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Middle Childhood Education

Middle Childhood Education Lesson Plan Template v. 2


Teacher Candidate Name: Taylor West
Lesson Title/#: Maps and Globes: Latitude and Longitude/#2
Grade Level: 4th Essential Question: How does map reading help us make sense of our world, locally and globally?

Lesson Foundations
Content Standards
*Science and SS should also
include common core for
reading/writing

Learning Objective(s)
Students will

Prior Academic
Knowledge and Skills

SS.4.9 Geography: Spatial Thinking and Skills- A map scale and cardinal intermediate direction
can be used to describe the relative location of physical and human characteristics of Ohio
and the United States
W.4.4 Writing: Production and Distribution of Writing- Produce clear and coherent writing in
which the development and organization are appropriate to task, purpose, and audience
1. Students will be able to contrast between the prime meridian, the equator, and the
compass rose and there roles in finding location and maps (Apply)
2. Students will be able to construct verbal and written responses pertaining to relative
location and directions (Create)
The day prior, students have learned about the hemispheres, compass rose, and the invisible
lines of the prime meridian and the equator. The students will need to be able to read maps
and construct a written response to an essay.

What have you or your


mentor taught previously that
will inform what students are
learning today?

Materials & Resources

Pencil
Prime Meridian and Equator Worksheet
Relative Location DBQ worksheet

Assessments

Describe the assessments that will be used in this lesson to monitor students mastery of the lesson objective(s). List assessments in order in which they
appear in the lesson.

Name and
number of
Assessment

Description of assessment

Evaluation Criteria - What is the evidence (the answers) of student


learning? Specifically list evidence of learning and learning objectives.

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(A1) Labeling the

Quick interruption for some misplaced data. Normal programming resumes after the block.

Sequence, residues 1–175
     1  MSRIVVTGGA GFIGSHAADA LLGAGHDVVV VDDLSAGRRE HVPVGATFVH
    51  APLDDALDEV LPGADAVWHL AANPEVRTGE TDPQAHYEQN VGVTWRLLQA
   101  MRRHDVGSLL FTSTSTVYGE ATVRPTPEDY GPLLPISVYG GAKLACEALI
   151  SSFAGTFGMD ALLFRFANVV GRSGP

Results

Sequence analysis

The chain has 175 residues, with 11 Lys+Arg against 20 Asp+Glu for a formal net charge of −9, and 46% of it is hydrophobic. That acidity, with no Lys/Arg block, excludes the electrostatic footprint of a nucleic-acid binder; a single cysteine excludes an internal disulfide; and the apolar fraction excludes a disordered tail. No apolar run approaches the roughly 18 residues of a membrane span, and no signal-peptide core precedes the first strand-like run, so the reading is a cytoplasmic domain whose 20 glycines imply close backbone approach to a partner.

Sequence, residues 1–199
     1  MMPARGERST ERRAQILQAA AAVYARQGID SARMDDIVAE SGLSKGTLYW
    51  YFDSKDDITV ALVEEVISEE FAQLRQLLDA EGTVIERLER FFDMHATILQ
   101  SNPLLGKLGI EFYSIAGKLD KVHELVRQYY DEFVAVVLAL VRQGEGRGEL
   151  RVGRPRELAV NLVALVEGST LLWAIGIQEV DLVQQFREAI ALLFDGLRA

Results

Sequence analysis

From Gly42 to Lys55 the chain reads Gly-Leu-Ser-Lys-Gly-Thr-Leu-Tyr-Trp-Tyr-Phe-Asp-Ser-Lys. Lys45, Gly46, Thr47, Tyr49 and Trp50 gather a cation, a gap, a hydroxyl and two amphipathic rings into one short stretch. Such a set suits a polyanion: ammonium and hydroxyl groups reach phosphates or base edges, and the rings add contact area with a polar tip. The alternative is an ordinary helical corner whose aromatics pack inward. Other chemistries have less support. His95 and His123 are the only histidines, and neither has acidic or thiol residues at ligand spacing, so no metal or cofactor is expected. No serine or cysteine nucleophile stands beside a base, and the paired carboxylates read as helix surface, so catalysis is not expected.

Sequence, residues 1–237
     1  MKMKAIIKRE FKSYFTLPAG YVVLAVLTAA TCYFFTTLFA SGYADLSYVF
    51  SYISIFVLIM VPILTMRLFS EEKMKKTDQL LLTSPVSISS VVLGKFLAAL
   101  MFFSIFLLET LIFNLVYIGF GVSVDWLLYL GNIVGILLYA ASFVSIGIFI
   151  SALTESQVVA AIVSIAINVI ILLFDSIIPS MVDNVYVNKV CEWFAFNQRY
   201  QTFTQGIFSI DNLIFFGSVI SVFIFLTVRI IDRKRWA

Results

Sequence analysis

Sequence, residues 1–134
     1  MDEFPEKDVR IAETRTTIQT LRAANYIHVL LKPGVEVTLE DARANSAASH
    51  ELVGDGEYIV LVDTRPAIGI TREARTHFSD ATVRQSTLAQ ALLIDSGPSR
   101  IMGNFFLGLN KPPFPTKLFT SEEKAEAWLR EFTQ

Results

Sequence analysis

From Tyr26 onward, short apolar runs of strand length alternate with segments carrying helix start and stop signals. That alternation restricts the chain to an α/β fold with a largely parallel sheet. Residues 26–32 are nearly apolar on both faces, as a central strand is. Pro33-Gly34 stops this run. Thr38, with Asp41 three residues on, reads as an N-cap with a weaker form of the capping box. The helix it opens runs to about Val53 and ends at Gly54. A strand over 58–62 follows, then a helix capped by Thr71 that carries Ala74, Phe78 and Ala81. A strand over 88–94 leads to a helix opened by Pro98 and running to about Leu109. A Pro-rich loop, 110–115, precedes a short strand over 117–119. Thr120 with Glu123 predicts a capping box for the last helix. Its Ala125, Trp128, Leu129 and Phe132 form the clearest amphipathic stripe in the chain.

Prime Meridian
and the Equator

Students will label the


equator and the prime
meridian as a base
knowledge of the
hemispheres and how
they help us identify
location

(LO1) When looking at a map with the prime meridian and equator
lines, these are the two lines that are at 0 degrees. These two lines
are the equator and the prime meridian. Both of these invisible lines
are the lines that divide the hemispheres and give us central points of
focus to identify which hemisphere is which and using the compass
rose to do so.

On this blank map, students will label the equator, prime meridian,
create a compass rose, and label each hemisphere.
The completed map will look like this for the entrance ticket:

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The compass rose can be anywhere on the map.


(A2) DBQ
worksheet
stations

Around the room,


students will go to
stations to complete the
DBQ documents. Each
station will have a
different document to
work on

(LO1) These documents will be dispersed around the room and will
have student analyze either a map or a reading. These documents are
designed to push students to think critically and implement their
knowledge of reading maps and information into sentence form to
construct a response.

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1. How does the Prime Meridian and Equator give us a foundation


for identifying location and the hemispheres? The equator and
prime meridian give us a foundation for direction because of
how they split up the globe and give us our cardinal directions.
2. How could we apply the elements of the compass rose to this
poem? The compass rose can be implemented by using north
and south instead of up and down and using east and west
instead of round and round.

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1. What is the significance of the Prime Meridian and the Equator


when analyzing a globe or map? The significance is that it
stands as a basis for understanding direction and how things in